Moving is frequently cited as being one of life's most stressful events and it's really no wonder why. It involves a massive change of routine, takes physical labor, and of course, is one of life's largest financial decisions.
These can all weigh heavily on the mind and body. What are some ways that you can deal with this momentous occasion and the stresses it brings? Here are a few simple ways you can deal with the weight of a move.
First, create a support team. This could include friends, family, a significant other, or even a counselor. Don't bottle up your emotions and concerns. Express them before they become pent-up frustration. A good support team can also serve as an excellent sounding board. Offering support is just part of the equation. It's great to have someone that can talk you down or act as a voice of reason.
The next step is to take breaks. It does no good to obsess 24/7 about every last detail. Set aside time each day to discuss and plan your move. Use the rest of your time for normal daily activities. Play with the kids, watch a movie, walk the dog, or go out to eat. The world does not quit turning during a move.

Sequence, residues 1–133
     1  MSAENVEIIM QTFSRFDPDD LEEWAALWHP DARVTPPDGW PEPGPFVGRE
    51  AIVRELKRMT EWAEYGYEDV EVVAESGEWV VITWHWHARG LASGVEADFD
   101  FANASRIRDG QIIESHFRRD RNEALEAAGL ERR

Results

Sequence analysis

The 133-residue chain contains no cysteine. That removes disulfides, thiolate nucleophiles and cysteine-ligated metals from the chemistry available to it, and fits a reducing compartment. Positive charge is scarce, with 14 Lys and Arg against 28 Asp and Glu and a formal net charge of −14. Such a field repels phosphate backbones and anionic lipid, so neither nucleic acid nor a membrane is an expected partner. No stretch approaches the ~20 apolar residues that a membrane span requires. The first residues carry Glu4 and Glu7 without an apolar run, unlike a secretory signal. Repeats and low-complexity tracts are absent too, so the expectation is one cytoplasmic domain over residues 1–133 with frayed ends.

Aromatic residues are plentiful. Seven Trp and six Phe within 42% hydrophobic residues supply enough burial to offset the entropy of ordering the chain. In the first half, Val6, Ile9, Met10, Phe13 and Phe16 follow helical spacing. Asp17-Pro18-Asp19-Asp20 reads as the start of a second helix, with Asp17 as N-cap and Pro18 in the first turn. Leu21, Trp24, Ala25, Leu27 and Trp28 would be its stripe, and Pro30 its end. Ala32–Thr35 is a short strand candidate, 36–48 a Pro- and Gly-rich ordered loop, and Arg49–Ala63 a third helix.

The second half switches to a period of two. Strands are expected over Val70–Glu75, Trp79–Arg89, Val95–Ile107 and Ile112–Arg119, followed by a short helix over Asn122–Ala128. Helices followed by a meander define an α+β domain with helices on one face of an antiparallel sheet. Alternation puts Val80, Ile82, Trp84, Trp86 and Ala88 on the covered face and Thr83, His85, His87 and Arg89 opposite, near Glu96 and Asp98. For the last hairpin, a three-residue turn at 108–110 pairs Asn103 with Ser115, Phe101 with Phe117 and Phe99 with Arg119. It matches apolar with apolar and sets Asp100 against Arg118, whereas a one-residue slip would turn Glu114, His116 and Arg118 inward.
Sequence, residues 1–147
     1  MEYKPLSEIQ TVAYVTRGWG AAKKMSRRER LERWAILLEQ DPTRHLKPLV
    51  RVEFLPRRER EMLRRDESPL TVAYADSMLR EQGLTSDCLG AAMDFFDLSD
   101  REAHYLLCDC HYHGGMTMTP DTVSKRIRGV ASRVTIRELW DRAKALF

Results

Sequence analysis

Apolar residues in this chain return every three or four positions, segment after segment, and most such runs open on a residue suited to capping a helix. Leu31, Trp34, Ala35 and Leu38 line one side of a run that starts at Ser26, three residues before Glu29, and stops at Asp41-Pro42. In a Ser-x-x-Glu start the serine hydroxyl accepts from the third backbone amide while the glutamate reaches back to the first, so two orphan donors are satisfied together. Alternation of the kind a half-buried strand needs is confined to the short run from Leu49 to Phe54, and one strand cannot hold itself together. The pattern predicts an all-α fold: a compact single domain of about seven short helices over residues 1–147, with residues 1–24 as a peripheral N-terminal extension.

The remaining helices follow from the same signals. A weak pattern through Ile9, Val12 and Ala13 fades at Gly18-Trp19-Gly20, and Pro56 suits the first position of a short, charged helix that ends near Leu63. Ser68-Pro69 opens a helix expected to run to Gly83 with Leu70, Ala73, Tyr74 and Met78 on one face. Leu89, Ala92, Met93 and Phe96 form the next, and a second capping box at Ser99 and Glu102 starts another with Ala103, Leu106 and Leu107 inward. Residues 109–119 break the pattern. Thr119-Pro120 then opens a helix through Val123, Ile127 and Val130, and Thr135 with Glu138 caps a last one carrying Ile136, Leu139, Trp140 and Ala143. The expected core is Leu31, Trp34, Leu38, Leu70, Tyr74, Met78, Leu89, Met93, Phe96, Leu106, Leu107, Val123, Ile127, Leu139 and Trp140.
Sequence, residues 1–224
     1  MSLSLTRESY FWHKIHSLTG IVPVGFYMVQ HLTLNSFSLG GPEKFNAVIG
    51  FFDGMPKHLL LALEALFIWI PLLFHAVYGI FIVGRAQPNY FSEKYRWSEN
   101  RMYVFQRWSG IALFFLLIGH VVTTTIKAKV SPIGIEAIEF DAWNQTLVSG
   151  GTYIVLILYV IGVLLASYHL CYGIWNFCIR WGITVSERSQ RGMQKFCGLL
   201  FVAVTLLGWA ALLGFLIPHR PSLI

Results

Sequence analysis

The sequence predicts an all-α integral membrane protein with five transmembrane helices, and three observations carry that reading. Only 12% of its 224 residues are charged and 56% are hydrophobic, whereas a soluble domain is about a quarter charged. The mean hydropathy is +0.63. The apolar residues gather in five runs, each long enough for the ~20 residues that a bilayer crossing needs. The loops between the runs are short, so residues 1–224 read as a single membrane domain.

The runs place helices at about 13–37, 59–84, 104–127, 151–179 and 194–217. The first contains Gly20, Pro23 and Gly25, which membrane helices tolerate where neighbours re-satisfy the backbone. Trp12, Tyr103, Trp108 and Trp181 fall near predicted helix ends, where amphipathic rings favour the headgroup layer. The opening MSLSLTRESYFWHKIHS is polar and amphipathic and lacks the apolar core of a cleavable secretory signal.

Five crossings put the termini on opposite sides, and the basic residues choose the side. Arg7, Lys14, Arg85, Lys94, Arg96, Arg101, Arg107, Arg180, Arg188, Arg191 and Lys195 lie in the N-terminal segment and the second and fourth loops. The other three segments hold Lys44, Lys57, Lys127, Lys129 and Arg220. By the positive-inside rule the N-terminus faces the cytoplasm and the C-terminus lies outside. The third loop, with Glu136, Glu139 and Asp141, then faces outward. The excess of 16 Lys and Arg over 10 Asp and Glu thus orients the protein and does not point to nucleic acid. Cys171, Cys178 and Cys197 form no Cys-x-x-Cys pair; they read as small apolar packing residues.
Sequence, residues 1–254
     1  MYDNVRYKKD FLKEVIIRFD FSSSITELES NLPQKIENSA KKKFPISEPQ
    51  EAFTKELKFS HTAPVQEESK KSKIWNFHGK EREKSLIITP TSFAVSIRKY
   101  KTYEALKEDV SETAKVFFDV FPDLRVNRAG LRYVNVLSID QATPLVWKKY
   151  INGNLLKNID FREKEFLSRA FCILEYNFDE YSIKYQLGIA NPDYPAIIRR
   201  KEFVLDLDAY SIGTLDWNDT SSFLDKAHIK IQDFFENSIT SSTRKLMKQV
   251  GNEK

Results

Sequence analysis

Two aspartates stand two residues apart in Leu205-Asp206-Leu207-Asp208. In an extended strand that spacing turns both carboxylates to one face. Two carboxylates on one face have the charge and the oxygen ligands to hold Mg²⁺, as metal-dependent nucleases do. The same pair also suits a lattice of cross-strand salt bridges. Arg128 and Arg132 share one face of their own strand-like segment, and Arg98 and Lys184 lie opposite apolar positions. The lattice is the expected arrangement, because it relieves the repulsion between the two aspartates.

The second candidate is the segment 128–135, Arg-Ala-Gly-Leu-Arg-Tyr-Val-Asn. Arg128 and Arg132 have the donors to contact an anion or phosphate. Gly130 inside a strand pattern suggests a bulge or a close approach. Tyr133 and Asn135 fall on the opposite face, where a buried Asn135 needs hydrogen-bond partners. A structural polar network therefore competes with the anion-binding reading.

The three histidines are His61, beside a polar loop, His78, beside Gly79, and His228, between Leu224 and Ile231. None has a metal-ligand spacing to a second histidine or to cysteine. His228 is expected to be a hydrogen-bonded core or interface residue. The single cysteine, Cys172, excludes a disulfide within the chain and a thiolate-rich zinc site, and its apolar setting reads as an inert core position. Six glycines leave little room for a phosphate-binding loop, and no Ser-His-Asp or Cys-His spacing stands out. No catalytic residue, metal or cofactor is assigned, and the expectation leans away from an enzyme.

Proper diet and exercise are crucial to helping your body deal with stress. Sometimes we forget that our bodies are machines that require good fuel and servicing to run efficiently. The better we take care of our bodies the better equipped we are to deal with stresses.
There are great exercise routines for all fitness types. If you are new to working out then consider adding in a daily walk. Swimming is also an ideal beginner activity. For those more "fit" buyers, you could join an aerobics class, go for daily jobs, or add in a weight-lifting routine to your current workout.
When the weather permits, exercise outdoors. The fresh air and sounds of nature can be soothing to tired nerves.
Simple yoga and meditation can also do a body wonders. Yoga is about connecting the mind, body, and spirit. If you don't have the time or money to join a class then consider purchasing a yoga DVD. Even simple practices can do wonders for reducing stress.
Finally, don't rush yourself into a new "identity". The American Academy of Child and Adolescent Psychiatry says that moving to a new community is "one of the most stress-producing events a family faces." Moving can mean big changes in friends, groups, clubs, schools, and neighborhoods. We identify strongly with these. Give yourself time to adjust and to fall into new roles.
Yes, moving is a stressful time, but by taking the proper steps you can greatly reduce the amount of stress this event brings.